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Monday, January 17, 2011

Weight Watchers: One Size Doesn't Fit All

We all have different issues around eating. Some eat too much. Some eat the right amount at the wrong time. Some like sweets, some like it salty and some like it hot.  

Those who have more to lose, lose more faster. Those that have those stubborn few pounds may need to change what they do even if what they did before worked.

Although Weight Watchers has been successful for many, I've personally been a Weight Watchers flunkee since I tried to lose weight on their former plans on three separate occasions to no avail. My body works better with higher protein levels than their point system was designed for. The new Points Plus program is a step in the right direction with a focus on whole foods and recognizing that all calories are not created equal.

Fruits and vegetables are encouraged in the new plan because most of us do not consume enough. While I happily consume my five daily servings, I recognize that many do not. But I contend that eating these alone in unlimited quantities without some additional protein has the potential to spike blood sugar and work against us. Yes, eating fruit and vegetables is better than some other high carb foods but the point is to keep blood sugar in check to avoid metabolic syndrome and other disorders leading to diobesity.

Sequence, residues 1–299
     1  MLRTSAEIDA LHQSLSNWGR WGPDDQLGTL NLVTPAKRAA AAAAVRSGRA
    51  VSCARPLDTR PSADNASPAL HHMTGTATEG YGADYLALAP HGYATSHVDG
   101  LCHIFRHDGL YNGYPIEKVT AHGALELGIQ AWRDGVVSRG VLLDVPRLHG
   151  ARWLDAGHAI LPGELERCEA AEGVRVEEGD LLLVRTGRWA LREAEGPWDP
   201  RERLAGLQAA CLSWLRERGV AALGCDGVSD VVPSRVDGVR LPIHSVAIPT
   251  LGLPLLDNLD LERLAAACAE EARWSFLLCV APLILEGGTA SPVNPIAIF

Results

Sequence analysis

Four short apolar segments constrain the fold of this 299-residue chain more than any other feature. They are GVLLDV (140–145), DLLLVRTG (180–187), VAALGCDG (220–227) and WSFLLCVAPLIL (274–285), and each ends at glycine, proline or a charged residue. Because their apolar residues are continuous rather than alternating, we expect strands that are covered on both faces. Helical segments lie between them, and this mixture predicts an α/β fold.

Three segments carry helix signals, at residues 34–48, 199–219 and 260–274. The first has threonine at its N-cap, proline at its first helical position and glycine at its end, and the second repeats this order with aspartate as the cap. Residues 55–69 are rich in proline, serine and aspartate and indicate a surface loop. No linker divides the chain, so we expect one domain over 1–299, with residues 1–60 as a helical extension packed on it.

I hope that Weight Watchers guidelines recognize this and advise their "members" accordingly.


But unlimited fruit?

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First trained as a food chemist and nutritionist, my career began enriching a Twinkie, comparing the nutrition of a Twinkie to an apple and studying the role of sugar in the diet. With an M.B.A. and years in food and pharma understanding consumers and manufacturers led back to where I started - food should taste great and serve to keep us healthy. To do so there needs to be consumer awareness. Consumers need to vote for what they want by buying what they really want. They need to practice balance and responsible choices. That's when change will come. Please engage me with your conversation so that I can help you make better food choices that you enjoy and gain a deeper appreciation of food not only from farm to table but farm to health. My vision is to promote solutions to marketing healthful food and food practices.